North American Tropiduchidae
Pelitropis rotulata (Tangiini) from North Carolina (photo by Kimberley Shropshire, University of Delaware, Department of Entomology)
Tropiduchidae is a relatively small, advanced planthopper family consisting of 135 genera and 436 species (Bourgoin 2012). Tribes of Tropiduchidae were revised by Fennah (1982), and these were implicitly placed in the subfamilies of Metcalf (1954). Recent investigation of the relationships and composition of higher planthoppers has resulted in the transfer of taxa into Tropiduchidae, including Gaetuliina (from Nogodinidae, Bladinini; originally in Issidae) and Trienopinae (transferred from Acanaloniidae, originally in Issidae) (Gnezdilov 2007).
Similar to other advanced families of planthoppers, Tropiduchidae have the teeth on the second tarsomere of the hind leg reduced to a lateral pair. Tangiini and Remosini tend to be flattened with a distinct nodal line on the wing, with the venation reticulate distad of the nodal line. Some Tropiduchidae (Gaetuliini) superficially resemble dictyopharids, but are readily separated by the distinct nodal line and the lack of intermediate carinae on the frons. Gaetuliini is similar to Issidae, and both have 1-4 lateral spines (usually 2-3, but 1 in Osbornia cornuta and some Dictyssa, and 4 in Danepteryx and Misodema) on the hind tibiae and wings (usually) covering the abdomen. They can be separated by having reticulate venation (shared with the issids Paralixes and Traxus) with some cells membranous.
North American Tropiduchidae as traditionally defined (i.e., Tangiini and Remosini among U.S. taxa) were reviewed by O’Brien (1992) and are represented in the United States by 2 species in 2 genera (Pelitropis rotulata and Tangia breviceps) from the southeast, with two other species (Monopsis tabida and Neurotmeta sponsa) reported but unverified by specimens (O’Brien 1992). Spinola (1839: 302-304) described Monopsis tabida from “Des États-Unis de l’Am.-Sept.”, subsequently (Uhler 1884, Swezey 1904, Van Duzee 1908) annotated as Florida, but this species was not confirmed from the United States (O’Brien 1992). Neurotmeta sponsa was reported from southern Florida by Uhler (1884) (described from Cuba) but also was not confirmed from the U.S. (O’Brien 1992). All 4 of these genera have additional species in the Neotropics.
Gaetuliini (sensu Gnezdilov 2007) include 10 genera and 62 species north of Mexico, all of which are southwestern, with 8 genera and 55 species from California. Only 1 species in this tribe, Misodema dubia Caldwell, 1945, has not been reported north of Mexico. Gaetuliini were moved from Issidae to Nogodinidae by Fennah (1984, as a subtribe of Bladinini), following his review of nogodinid higher classification (Fennah 1978). Emeljanov (1999) agreed with Fennah’s (1984) placement of the tribe; however, Gaetuliini did not group with Nogodinidae in the molecular phylogeny of Urban and Cryan (2007). Subsequently Gaetuliini were transferred to Tropiduchidae by Gnezdilov (2007). Dictyssonia beameri was not treated by Fennah (1954), but appears to be closely allied with Gaetuliini, and is treated as such here. Therefore, as currently defined, Tropiduchidae north of Mexico consist of 12 genera and 64 species.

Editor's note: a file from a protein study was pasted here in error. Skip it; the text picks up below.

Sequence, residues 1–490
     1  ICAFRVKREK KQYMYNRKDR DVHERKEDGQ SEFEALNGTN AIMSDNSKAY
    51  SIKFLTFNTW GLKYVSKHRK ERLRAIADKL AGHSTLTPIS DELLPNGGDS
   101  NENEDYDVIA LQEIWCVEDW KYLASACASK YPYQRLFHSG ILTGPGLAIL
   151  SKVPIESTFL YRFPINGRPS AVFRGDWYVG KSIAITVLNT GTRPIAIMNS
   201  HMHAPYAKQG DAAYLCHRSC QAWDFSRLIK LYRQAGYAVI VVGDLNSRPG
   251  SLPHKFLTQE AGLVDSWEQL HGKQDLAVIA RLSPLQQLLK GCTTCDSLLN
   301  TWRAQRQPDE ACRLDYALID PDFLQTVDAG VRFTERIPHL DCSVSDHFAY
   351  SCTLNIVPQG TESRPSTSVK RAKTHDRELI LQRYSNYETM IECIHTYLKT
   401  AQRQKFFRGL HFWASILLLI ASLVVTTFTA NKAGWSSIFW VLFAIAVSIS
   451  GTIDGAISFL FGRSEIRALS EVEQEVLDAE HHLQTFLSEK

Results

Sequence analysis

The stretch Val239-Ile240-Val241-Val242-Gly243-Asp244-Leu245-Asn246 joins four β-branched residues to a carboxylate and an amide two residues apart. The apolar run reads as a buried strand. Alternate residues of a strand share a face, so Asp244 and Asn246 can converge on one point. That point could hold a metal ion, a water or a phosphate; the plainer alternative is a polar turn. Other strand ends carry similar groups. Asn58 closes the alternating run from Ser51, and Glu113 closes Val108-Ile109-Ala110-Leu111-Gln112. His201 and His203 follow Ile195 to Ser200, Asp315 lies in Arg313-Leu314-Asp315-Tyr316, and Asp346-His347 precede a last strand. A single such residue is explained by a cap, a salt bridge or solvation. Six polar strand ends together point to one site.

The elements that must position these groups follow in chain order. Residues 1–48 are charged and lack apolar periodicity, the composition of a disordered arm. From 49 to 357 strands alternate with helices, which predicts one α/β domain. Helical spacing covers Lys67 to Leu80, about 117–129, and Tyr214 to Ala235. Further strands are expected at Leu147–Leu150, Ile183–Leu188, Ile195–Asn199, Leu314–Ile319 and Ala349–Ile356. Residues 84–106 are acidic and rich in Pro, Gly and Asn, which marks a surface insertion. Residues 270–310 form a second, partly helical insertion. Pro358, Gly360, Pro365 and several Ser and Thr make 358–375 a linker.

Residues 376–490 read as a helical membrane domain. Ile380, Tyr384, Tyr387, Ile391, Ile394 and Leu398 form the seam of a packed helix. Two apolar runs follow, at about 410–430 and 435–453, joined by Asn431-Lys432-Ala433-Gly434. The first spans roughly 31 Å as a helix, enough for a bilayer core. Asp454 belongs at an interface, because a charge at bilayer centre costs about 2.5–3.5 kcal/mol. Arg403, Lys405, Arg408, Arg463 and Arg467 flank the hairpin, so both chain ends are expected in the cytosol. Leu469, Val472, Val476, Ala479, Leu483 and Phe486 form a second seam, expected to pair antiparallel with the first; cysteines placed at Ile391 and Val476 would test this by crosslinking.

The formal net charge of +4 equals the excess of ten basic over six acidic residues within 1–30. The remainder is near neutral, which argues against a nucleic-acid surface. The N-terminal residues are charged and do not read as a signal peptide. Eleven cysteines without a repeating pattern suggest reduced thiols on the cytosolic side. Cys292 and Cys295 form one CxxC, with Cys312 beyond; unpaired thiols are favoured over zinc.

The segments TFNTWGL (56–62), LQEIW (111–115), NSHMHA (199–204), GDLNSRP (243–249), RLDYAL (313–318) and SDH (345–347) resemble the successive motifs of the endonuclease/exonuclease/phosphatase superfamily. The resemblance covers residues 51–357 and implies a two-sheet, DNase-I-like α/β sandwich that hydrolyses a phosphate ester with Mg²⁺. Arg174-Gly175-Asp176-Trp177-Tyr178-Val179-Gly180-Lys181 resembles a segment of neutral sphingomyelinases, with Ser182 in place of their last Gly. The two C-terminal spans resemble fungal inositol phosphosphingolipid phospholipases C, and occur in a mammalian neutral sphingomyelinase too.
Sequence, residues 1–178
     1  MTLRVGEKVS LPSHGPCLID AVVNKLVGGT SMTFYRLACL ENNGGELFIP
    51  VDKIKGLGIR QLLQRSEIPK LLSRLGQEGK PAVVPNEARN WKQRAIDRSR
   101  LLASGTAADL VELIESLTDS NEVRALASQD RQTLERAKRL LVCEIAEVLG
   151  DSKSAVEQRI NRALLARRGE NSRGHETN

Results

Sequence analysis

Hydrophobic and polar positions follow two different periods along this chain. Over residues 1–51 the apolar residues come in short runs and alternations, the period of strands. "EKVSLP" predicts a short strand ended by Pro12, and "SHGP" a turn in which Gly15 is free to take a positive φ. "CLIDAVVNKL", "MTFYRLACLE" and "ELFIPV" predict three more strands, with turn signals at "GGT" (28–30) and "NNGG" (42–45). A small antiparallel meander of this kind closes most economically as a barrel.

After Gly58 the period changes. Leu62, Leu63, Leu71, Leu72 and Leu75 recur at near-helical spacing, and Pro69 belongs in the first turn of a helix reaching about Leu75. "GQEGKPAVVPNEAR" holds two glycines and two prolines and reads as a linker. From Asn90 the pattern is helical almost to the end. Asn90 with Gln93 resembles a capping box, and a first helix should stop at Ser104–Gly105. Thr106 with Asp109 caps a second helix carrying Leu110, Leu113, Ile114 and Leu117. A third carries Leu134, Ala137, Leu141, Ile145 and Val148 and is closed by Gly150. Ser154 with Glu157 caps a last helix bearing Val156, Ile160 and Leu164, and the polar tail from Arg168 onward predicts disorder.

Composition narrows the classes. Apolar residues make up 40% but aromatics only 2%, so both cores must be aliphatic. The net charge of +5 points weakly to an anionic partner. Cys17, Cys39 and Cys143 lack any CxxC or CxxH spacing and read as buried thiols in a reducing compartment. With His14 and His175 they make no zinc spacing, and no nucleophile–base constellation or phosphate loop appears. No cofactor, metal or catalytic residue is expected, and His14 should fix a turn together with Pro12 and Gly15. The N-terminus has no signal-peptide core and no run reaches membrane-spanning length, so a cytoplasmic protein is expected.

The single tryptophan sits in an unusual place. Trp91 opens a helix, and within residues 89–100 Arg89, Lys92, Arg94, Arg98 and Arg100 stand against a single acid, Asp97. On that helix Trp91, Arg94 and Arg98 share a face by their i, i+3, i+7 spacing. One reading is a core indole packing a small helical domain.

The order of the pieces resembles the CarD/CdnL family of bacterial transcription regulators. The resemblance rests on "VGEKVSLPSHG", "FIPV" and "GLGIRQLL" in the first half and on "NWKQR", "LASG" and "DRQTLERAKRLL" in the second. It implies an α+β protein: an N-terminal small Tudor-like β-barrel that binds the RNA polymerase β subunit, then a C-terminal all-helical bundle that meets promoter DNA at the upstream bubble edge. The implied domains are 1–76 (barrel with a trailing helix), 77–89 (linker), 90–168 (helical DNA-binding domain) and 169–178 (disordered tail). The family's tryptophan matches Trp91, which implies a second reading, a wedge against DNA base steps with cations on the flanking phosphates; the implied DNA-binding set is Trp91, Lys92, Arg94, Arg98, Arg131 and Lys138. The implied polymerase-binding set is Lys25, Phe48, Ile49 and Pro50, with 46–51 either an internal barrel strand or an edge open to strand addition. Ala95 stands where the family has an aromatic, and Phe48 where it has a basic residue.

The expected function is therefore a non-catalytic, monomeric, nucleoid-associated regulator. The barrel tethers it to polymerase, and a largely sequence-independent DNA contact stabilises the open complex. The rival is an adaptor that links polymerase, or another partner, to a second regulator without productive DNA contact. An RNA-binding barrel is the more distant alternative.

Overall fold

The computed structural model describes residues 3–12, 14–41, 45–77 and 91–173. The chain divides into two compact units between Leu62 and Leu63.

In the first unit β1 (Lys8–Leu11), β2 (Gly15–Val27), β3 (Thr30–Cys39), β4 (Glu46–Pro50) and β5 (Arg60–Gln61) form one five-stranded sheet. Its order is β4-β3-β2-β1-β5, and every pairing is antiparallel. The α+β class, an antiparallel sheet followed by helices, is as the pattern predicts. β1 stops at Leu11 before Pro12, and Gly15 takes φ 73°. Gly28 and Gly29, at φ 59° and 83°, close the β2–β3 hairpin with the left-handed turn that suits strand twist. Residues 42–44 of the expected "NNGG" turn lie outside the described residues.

Distribution of Tropiduchidae north of Mexico (from Bartlett et al. in review)
Gaetuliini was included within Doering’s revision of Issidae (Doering 1936, 1938, 1940, and 1941), which should be consulted for the identification of these species. O’Brien (1988) presented an updated version of Doering’s (1938) key that includes Gaetuliini, Issidae, Caliscelidae, and Euthiscia (Acanaloniidae).
The majority of tropiduchids are found on above-ground portions of woody dicots (Wilson et al. 1994). Wilson & Wheeler (1984) record Pelitropis rotulata from 19 woody host plants and described immatures. This species appeared to be univoltine in North Carolina. Tangia breviceps has been recorded from Cocoloba uvifera (O’Brien 1992) and Neurotmeta sponsa from guava and coffee (Metcalf & Bruner 1930, Fennah 1982). Life history has not been studied in detail for any Gaetuliini. They feed mostly on shrubs, particularly from the Asteraceae, Rosaceae, and Ericaceae (Wilson et al. 1994).
Synopsis of the Tropiduchidae (sensu Gnezdilov 2007) north of Mexico
Tambiniinae Kirkaldy, 1907
Remosini Fennah, 1982
Monopsis Spinola, 1839 (Type species Monopsis tabida Spinola, 1839).
Neurotmeta Guérin-Méneville, 1856 (Type species Fulgora sponsa Guérin-Méneville, 1856).
= Tangia Stål, 1859 (Type species Monopsis viridis Walker, 1851); syn. by Van Duzee 1917b: 739; removed from syn. by Fennah 1965a: 100.
Tangiini Melichar, 1914
Pelitropis Van Duzee, 1908 (Type species Pelitropis rotulata Van Duzee, 1908).